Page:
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Dear Aubrey,

It gives me great pleasure to endorse Global Commons Institute's Contraction & Convergence (C&C) framework for submission to UNFCCC. Our window of opportunity to act decisively against climate change gets narrower and narrower with every passing year, as greenhouse gas emissions continue unabated. Predictions under the Business As Usual scenario indicate an alarming 4 deg C to 6 deg C temperature rise by the end of the century. This condemns future generations to severe environmental, social, economic and political stress.

C&C is really the only framework at a strategic level to come to a fair and equitable consensus on how nations can collectively contract emissions rapidly and scientifically.  C&C charts an elegant pathway for the world to converge to a very low and common per capita emissions that will be critical for the quality of life we bequeath to our children and their descendants.

Many thanks for your efforts over the last twenty years too. I hope the tipping point has come, not for Planet Earth's climate systems, but for humanity's ability to come together speedily for urgent action.

Kind regards,


I will certainly help spread the word as best as I can!  How can the public support this?



Time and again, activists have said that there is real power in petitions. It's time again to support one that strikes at the heart of the climate change debate - a fair and scientific framework that enables nations to act together to 'contract' their emissions and 'converge' to a low per capita one to keep the planet within a safe temperature rise.

Please send an email to Aubrey Meyer of the Global Commons Institute, supporting the "CONTRACTION & CONVERGENCE" framework to be submitted to the UNFCCC. It doesn't have to be as long as my letter below, even a one-liner will do. Please see further links and explanations on the threads here.
Bhavani Prakash

Contraction & Convergence: An urgent global imperative to tackle Climate Change

by Bhavani Prakash

Why have the past climate negotiations including the one at Copenhagen in December 2009 been inadequate to deal with the serious climate crisis facing the planet?  What is the model that allows for an equitable transition to a zero carbon future – probably the only model that will ensure climate justice and keep the planet from disastrous temperature rises? How can we urge the new UK government to embrace this model as ordinary citizens of the world – so that it benefits all developed AND developing nations?

 With the worst of the financial crisis behind us, the engines of economic growth have begun to hum again. From a carbon emissions point of view, we have much cause for concern as there is a direct correlation between GDP and GHG emissions. (See diagram on the right).

We have not yet made that shift to where economic growth comes with low carbon emissions. On the contrary, we are causing climate change at a faster rate than we are mitigating it. How can we manage future emissions in a way that economies, human societies and ecosystems are not blown apart due to the growth paradigm [1] to which we as an economy driven world are addicted – of infinite growth in a planet of finite resources?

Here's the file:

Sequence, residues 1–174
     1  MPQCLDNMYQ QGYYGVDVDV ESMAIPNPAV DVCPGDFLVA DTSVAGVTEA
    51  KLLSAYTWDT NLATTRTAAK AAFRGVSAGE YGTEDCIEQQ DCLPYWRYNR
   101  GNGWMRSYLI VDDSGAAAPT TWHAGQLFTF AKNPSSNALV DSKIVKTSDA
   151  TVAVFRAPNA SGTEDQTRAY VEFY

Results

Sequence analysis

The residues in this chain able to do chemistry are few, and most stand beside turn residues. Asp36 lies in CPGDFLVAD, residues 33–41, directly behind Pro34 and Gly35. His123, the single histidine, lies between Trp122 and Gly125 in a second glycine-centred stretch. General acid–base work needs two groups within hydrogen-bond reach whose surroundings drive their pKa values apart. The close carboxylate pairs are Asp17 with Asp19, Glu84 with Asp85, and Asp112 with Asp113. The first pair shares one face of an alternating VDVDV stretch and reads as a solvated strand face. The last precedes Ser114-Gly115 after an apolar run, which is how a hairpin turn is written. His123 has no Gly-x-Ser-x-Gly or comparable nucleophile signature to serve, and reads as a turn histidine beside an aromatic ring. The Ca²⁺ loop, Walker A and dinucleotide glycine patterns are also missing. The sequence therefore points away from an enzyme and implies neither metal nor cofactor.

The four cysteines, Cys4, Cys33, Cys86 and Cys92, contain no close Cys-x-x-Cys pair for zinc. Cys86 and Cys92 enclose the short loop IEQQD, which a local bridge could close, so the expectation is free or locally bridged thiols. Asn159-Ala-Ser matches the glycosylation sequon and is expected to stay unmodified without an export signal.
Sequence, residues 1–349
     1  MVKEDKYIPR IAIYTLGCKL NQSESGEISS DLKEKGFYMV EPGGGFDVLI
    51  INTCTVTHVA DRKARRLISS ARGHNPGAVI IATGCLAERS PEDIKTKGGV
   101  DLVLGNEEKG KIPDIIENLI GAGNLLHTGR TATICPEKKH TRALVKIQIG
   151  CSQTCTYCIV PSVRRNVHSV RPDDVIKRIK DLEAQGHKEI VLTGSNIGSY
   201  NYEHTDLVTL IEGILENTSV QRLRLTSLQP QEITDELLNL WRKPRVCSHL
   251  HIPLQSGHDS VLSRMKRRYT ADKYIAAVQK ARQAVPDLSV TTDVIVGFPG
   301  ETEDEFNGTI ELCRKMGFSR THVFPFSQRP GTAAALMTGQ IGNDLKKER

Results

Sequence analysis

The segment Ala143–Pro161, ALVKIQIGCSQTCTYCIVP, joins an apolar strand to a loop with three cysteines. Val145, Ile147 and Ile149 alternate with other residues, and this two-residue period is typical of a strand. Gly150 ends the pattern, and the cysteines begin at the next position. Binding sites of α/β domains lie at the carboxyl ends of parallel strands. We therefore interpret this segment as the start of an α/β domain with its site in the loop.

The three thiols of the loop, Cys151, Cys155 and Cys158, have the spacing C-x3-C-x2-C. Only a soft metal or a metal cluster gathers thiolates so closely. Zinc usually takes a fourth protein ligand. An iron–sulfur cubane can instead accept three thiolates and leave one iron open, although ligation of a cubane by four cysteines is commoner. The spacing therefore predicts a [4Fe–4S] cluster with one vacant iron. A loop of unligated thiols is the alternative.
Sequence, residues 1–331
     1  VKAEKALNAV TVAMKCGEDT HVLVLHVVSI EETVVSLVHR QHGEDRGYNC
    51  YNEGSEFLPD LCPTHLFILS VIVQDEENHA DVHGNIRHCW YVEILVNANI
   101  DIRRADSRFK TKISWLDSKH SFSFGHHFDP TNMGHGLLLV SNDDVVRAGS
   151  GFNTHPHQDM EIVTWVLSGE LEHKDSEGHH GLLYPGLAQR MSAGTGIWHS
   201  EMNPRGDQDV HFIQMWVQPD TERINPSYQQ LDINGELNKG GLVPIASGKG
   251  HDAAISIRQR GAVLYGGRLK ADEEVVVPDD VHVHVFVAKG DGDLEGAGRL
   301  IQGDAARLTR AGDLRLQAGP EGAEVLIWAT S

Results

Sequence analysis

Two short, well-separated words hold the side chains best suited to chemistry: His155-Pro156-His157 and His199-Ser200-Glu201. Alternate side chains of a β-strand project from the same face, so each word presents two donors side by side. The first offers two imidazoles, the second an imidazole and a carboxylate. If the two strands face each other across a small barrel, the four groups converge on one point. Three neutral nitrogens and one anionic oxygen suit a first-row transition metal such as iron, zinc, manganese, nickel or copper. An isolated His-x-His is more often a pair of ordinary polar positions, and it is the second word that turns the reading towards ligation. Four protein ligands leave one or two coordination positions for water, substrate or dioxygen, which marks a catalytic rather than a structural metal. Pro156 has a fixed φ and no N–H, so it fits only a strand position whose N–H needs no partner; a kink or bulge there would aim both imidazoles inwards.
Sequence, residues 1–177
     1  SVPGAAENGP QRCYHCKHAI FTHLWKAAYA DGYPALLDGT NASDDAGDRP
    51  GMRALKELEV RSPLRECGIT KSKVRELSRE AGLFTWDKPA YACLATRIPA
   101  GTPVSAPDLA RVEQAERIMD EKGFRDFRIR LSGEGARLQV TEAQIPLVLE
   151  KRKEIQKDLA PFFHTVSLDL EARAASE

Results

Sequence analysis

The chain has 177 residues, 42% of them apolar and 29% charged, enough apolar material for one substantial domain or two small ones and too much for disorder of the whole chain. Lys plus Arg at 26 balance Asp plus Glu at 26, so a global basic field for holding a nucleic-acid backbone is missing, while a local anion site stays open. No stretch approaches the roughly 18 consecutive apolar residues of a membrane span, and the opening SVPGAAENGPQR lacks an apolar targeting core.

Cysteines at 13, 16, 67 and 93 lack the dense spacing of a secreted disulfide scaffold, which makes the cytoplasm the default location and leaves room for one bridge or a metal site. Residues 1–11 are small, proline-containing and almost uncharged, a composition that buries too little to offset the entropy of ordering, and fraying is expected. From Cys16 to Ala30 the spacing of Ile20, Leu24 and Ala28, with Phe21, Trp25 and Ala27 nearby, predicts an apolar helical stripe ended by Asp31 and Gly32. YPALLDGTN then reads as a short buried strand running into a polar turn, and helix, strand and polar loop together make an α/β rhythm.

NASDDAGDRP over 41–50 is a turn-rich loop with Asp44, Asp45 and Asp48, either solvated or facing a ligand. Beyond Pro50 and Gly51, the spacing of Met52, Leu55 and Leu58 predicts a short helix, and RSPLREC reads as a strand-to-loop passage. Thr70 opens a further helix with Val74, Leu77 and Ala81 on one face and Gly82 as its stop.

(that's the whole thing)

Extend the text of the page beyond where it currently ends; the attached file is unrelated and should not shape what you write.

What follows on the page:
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Interview with Green Collar Asia By Bhavani Prakash
"Contraction & Convergence as a pragmatic framework to solve Climate Change"

In 1992 the world agreed a Climate Change Convention at the UN. Its objective is to halt the rising concentration of Greenhouse Gas [GHG] in the atmosphere at a level that is low enough not to trigger dangerous rates of climate change. By 1995 the Convention had been ratified by a sufficient number of Governments to bring it into force and a process of International negotiations began to control and reduce the GHG emissions from the human economy that were responsible for this rise of concentrations in the global atmosphere.

Climate scientists now see a 2 degree C temperature rise above pre-industrial levels as a ‘safe’ upper limit. GHG concentrations have risen 40% above preindustrial levels and need to stop rising below 60% to keep within that 2 degree temperature limit. To achieve that, global GHG emissions need to fall to near zero within about the next forty years.

To accelerate to this greener future with abundant jobs in emissions-free renewable energy, clean transport and infrastructure, sustainable agriculture and oceans, a global climate deal on GHG emissions control is an essential pre-condition and now urgently needed. The Contraction & Convergence [C&C] model discussed here offers a framework for such a global climate deal.

Attempts over the last seventeen years at arriving at a climate deal during the COP climate change summits have been ‘guesswork’ and a ‘patchwork’, with various countries coming up with emission reduction numbers which are mostly expedient to their economic interests, rather than meeting the objective of the Convention and the collective good of humanity.

Nations need to sit down together to agree jointly how much carbon emissions need to contract overall to stay within the total budget of emissions that is required to stabilise concentrations at a safe level, and decide how each nation’s or region’s share of that budget can be determined in a manner that is rational and fair. C&C then proposes that within the overall contraction that is required, all nations or regions converge to a uniform per capita emission figure. This creates shares of the budget as either ‘entitlements’ to emit or actual emissions. The key negotiation under C&C is the rate at which the over-consumers and under-consumers need to converge.

With this framework accepted as the basis of the process from now on, guesswork is superseded and the likelihood that planet will remain within the carbon budget is considerably increased.

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